Meredith v. Fitzgerald

Annotate this Case

102 A.2d 306 (1954)

MEREDITH v. FITZGERALD et al.

No. 1434.

Municipal Court of Appeals for the District of Columbia.

Argued January 4, 1954.

Decided January 22, 1954.

Earl J. Lombard, Washington, D. C., for appellant.

H. Max Ammerman, Washington, D. C., for appellees.

Before CAYTON, Chief Judge, and HOOD and QUINN, Associate Judges.

HOOD, Associate Judge.

Appellees, hereafter called sellers, were trustees under a second deed of trust on certain real estate, and by virtue of such deed of trust advertised the property for sale, subject to the first deed of trust. Appellant, hereafter called the purchaser, was the successful bidder at the sale and made a deposit of $500. This suit was brought by the purchaser for the return of the deposit. The trial court, after full hearing, sua sponte dismissed the action for lack of jurisdiction. The purchaser has appealed.

We are first met with the sellers' contention that the appeal should be dismissed because the purchaser did not include in the record on appeal a statement of proceedings and evidence. When such statement is necessary to a determination of an appeal, the appeal will be dismissed for failure to include it in the record;[1] but there are cases where the questions raised by the appeal are adequately presented by a record which does not include a statement of proceedings and evidence.[2] The present *307 case falls in the latter category. In the record before us there is an extensive memorandum opinion of the trial judge summarizing the evidence. This opinion, together with the pleadings and trial memoranda filed by both parties after the evidence had been completed, shows the issues in the case. The only question raised by this appeal is whether title to land was necessarily and directly in issue.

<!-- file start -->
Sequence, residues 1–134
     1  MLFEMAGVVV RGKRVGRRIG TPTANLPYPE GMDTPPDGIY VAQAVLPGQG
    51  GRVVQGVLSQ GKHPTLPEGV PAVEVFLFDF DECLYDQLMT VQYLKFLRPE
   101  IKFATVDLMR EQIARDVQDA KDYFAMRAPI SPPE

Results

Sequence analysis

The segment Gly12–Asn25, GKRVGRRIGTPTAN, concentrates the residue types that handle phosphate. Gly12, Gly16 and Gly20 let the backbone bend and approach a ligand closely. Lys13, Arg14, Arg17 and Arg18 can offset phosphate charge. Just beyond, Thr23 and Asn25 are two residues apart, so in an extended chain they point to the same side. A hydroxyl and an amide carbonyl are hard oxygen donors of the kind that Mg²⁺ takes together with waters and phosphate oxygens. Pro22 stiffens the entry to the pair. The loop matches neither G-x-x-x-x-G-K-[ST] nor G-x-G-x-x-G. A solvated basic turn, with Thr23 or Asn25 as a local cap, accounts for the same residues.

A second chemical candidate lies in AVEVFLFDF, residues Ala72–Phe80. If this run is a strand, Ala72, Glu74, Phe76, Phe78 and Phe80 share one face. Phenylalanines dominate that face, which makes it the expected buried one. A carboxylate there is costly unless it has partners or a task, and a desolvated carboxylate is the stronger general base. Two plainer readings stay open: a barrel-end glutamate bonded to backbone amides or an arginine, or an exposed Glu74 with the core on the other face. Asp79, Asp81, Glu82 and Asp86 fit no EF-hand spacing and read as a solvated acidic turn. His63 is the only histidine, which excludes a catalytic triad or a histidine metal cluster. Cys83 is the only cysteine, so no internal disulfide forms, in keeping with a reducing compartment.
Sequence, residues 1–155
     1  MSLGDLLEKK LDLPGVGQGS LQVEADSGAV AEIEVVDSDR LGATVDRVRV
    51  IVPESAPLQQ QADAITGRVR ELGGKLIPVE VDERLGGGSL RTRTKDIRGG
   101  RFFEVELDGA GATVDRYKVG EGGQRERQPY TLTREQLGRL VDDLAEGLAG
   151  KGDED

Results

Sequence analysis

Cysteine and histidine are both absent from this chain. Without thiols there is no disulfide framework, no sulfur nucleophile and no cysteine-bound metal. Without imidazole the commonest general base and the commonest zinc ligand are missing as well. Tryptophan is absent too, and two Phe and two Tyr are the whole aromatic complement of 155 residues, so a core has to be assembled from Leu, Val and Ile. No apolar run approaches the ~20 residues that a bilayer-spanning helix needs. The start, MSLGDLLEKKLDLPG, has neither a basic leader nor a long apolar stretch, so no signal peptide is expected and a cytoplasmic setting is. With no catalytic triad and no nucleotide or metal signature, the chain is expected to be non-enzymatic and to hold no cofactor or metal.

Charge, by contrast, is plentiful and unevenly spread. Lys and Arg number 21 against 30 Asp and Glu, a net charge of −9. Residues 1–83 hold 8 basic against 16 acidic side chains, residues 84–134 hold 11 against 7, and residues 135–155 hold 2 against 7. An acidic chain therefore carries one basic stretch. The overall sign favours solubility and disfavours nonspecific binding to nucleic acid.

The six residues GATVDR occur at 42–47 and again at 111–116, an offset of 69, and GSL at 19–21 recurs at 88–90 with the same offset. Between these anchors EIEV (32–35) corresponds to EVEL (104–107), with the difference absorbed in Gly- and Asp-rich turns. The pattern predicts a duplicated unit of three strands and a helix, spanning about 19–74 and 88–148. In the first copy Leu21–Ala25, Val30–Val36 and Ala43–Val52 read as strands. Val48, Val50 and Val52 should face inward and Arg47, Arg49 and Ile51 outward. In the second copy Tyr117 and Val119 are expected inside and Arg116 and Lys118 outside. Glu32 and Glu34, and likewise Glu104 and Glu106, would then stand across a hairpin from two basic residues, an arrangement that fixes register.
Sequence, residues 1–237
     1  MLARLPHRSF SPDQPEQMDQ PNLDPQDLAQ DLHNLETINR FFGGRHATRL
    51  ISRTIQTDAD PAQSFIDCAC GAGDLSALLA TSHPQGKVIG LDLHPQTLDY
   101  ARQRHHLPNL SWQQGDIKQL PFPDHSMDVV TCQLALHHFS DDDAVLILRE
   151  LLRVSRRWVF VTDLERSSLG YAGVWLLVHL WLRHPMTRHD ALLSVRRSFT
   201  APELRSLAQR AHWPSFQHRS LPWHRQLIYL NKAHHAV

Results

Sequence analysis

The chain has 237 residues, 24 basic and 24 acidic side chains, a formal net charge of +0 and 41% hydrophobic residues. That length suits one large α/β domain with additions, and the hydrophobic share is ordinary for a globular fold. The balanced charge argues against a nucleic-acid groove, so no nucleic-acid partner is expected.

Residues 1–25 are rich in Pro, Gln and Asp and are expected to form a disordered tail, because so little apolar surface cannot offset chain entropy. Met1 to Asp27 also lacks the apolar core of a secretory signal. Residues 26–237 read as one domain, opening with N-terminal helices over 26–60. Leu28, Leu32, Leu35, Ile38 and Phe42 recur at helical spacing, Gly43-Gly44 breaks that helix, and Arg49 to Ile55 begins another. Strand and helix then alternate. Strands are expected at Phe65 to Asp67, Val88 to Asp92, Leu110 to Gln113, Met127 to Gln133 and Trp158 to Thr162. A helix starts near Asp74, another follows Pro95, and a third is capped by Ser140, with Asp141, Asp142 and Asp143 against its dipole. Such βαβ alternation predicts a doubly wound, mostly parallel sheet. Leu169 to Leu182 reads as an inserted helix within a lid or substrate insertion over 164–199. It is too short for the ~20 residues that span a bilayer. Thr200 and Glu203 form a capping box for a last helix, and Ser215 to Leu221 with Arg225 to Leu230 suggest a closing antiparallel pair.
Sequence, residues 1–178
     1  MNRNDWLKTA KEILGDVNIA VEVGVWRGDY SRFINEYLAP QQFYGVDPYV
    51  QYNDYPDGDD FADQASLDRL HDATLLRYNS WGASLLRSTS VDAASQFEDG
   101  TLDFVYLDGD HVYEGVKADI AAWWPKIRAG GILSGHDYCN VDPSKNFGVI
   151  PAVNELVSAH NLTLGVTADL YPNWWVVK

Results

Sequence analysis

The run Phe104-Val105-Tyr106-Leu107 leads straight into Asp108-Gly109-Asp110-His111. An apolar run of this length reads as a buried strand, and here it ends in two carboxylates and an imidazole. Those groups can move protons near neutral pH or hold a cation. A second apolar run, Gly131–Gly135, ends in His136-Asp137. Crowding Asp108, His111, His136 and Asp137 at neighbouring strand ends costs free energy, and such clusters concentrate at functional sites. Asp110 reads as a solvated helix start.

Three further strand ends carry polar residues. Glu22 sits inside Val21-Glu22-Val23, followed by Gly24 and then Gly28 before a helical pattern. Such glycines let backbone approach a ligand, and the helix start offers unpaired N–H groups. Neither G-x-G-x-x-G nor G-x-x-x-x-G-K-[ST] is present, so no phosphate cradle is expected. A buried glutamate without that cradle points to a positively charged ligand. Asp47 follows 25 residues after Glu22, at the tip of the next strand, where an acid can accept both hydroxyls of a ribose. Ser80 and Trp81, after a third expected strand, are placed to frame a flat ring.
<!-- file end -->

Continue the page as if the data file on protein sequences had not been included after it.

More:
From the record it appears that after the sale the sellers discovered there were certain liens of the United States on the property. Because of the existence of these liens the sellers were not able to promptly convey title to the purchaser. Although the purchaser did not make formal tender of the balance of the purchase money, the trial court found that during the period fixed for compliance with the terms of the sale the purchaser was ready to pay the balance. After waiting about eighteen days beyond the settlement date the purchaser demanded return of his deposit. The demand was refused and this suit was then brought.

In its opinion the trial court stated that it felt the purchaser under the facts was entitled to recover his deposit, but concluded that the court lacked jurisdiction of the case because the issue was whether on the date of settlement, or within a reasonable time thereafter, the sellers tendered or were able to tender good title in accordance with the terms of the sale. It is settled law that the Municipal Court does not have jurisdiction of cases involving title to real estate, but it is equally well settled that the Municipal Court should not reject jurisdiction "unless and until it is made to appear that the title to land is necessarily and directly in issue between the parties."[3] In our opinion title to land was not in issue in this case. There was no dispute as to title. The sellers freely conceded that because of the Federal liens they could not promptly convey the title which they advertised for sale and which the purchaser contracted to purchase, and we think they would have to concede that the purchaser could not be compelled to wait indefinitely. Therefore the issue between the parties was whether the purchaser waited a reasonable time before demanding return of his deposit. Title to land was not directly in issue and the court was in error in rejecting jurisdiction.

Reversed with instructions to grant a new trial.

NOTES

[1] Moncure v. Curry, D.C.Mun.App., 42 A.2d 143.

[2] Mindell v. Glenn, D.C.Mun.App., 65 A.2d 340.

[3] See Bradford v. Castiglioni, D.C.Mun.App., 88 A.2d 186, and cases there cited.